by Thomas M. Doran | Catholic World Report
came to a fork in the road. 'Which road do I take?' she asked.
‘Where do you want to go?' responded the Cheshire Cat.
'I don't know,' Alice answered.
'Then,' said the Cat, 'it doesn't matter’.”
— Lewis Carroll, Alice in Wonderland
A long time ago, my dad told all of us in the car to beware of the menace of the herd. My dad happened to be a blue-collar philosopher, if not a prophet, though I didn’t realize it at the time.
The common wisdom, what the smart set is apt to tell us, is that religious believers don’t think, don’t question, don’t challenge. Believers are the herd in the worst sense, a herd of stupid, blind sheep. But how often is rigorous reason applied to this assertion, an assertion that is now conventional wisdom, an assertion that troubles and intimidates many believers?
A black hole is defined by physicists as a region of space-time from which gravity prevents anything, including light, from escaping, a speck of space containing unimaginable mass. The smart set and their disciples are certain (one might say, they have faith) that black holes exist, but try to find a smart setter who understands and can delineate the quantum physics that underlies this concept.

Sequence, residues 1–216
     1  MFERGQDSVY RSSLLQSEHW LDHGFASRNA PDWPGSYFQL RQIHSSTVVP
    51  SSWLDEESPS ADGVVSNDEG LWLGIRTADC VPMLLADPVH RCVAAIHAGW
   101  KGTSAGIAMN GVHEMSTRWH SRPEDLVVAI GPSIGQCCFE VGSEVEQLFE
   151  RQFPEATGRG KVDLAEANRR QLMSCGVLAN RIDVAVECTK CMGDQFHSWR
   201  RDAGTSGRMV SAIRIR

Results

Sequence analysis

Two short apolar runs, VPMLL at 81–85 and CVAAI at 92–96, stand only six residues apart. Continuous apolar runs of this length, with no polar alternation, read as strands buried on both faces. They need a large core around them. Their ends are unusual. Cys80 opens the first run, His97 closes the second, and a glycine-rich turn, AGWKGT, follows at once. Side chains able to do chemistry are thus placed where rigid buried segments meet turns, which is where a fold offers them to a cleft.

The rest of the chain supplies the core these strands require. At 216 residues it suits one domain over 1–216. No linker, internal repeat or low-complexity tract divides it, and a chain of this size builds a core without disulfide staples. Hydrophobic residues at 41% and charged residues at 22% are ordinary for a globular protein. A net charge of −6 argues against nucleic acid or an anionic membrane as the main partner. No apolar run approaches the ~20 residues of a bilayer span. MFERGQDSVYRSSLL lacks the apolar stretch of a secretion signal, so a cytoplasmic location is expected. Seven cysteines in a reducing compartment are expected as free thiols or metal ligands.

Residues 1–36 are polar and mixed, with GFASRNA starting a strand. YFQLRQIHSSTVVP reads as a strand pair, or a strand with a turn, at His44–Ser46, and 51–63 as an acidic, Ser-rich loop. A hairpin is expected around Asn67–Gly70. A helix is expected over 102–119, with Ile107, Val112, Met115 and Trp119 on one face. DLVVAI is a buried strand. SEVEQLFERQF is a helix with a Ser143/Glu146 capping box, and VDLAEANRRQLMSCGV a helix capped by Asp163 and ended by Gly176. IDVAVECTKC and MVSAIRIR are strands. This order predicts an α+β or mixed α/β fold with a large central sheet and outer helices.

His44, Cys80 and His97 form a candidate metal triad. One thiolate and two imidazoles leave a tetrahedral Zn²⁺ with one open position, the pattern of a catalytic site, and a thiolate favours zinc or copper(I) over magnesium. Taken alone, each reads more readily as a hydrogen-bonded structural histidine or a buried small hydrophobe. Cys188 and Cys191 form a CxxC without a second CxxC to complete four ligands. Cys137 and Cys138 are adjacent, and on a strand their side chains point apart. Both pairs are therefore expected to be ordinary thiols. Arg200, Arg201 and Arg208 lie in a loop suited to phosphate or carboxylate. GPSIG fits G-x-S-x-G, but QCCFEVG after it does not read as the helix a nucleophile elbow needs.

Evolution is defined as the change in the inherited characteristics of biological populations over successive generations. The smart set and their disciples are certain (one might say, they have faith) that evolution is occurring, but try to find a smart setter who understands the genetics and biochemistry that underlie evolutionary processes.
And then there’s string theory. Particles that are waves and waves that are particles. Dimensions exceeding those we can measure. Fundamental particles. The smart set accepts all of it because science proclaims it, but is clueless as to the theoretical physics and mathematics that predict these phenomena.
That’s not to say that black holes, as understood by modern science, don’t exist, or that an evolutionary process isn’t contributing to change in species, or that string theory is a wayward explanation of reality, but only to point out that many put faith in scientific concepts they cannot themselves comprehend. In this sense, they are no different than the “herd of religious believers” they so often ridicule.